Bloomberg Law
Aug. 17, 2022, 8:00 AM

Supreme Court Justices Should Say Sorry Too

Gabe Roth
Gabe Roth
Fix the Court

As President Donald Trump was exercising his pardon power in the waning days of his administration, a federal judge told a reporter, “It’s not surprising that a criminal like Trump pardons other criminals. […] Apparently, to get a pardon, one has to be either a Republican, a convicted child murderer, or a turkey.”

Within weeks, Judge Robert W. Pratt of the Southern District of Iowa, apologized. “I acknowledge the wrongfulness of the comments,” he wrote, “and I regret the embarrassment they have caused to my court and the judiciary in general. I am truly sorry for the remarks and apologize for having made them.”

Last month, District of South Carolina Judge Joseph Dawson “expressed his sincere apology for any undermining of public confidence” in the judiciary that he may have caused by signing a contract that implied he’d offer his former employer legal advice even after he received his judicial commission. Such a “double-dip” violates federal law. Not only did Dawson say he was sorry; he also rewrote the contract.

Now imagine similar errors in judgment being made not by lower court judges, but by US Supreme Court justices. Would the nine, after they are caught, be as contrite?

The truth is you don’t have to imagine. The justices are frequently found to have committed ethical lapses, yet their hubris prevents them from apologizing. That hubris undermines confidence in the court.

Unapologetic Mistakes and Ethical Lapses

Justice Clarence Thomas was not apologetic when, in 2011, he was caught failing to complete the spousal employment section on 13 years’ worth of financial disclosure reports. He wrote without any sign of remorse: “It has come to my attention that information regarding [wife Ginni’s job] was inadvertently omitted due to a misunderstanding.”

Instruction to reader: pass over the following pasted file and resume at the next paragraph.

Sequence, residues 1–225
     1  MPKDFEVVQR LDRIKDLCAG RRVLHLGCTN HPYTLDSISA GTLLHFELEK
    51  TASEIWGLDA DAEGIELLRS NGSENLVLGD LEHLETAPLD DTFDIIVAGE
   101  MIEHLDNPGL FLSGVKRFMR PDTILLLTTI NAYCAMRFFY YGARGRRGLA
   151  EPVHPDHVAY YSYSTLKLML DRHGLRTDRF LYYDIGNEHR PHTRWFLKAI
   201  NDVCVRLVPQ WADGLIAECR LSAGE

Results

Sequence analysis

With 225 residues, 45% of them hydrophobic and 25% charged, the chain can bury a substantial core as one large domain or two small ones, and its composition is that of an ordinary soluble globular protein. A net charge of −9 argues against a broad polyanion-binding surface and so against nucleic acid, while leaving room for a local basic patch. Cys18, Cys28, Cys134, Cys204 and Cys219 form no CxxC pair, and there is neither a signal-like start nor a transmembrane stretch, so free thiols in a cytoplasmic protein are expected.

When Justices Stephen Breyer and Samuel Alito were caught failing to recuse from a petition in 2019 despite owning shares in a litigant’s parent company, they, too, did not apologize, saying there was “no way” for them to know about the conflict. If that were true, how did I catch them?

Though filing inaccurate disclosures and failing to recuse despite a financial conflict are both violations of federal law, it’s nearly impossible to punish a justice, since under our laws and the Constitution, there’s impeachment or nothing, and impeachment isn’t happening.

But at a time when public opinion of the court is at its nadir a little humility would go a long way. I’m sorry for undermining public confidence of the judiciary by filing incomplete disclosures, Thomas could have written then—and again more recently when he made a similar error. Justices Stephen Breyer and Samuel Alito could have said: We regret the embarrassment we have caused to our court and the judiciary by not recusing in spite of our financial conflict.

(Yes, Justice Ruth Bader Ginsburg apologized after disparaging then-candidate Trump, yet her regret was several rungs short of sincere. And then-Judge Brett Kavanaugh expressed regret for outbursts during his 2018 confirmation hearings but had trouble finding the words “I’m sorry.”)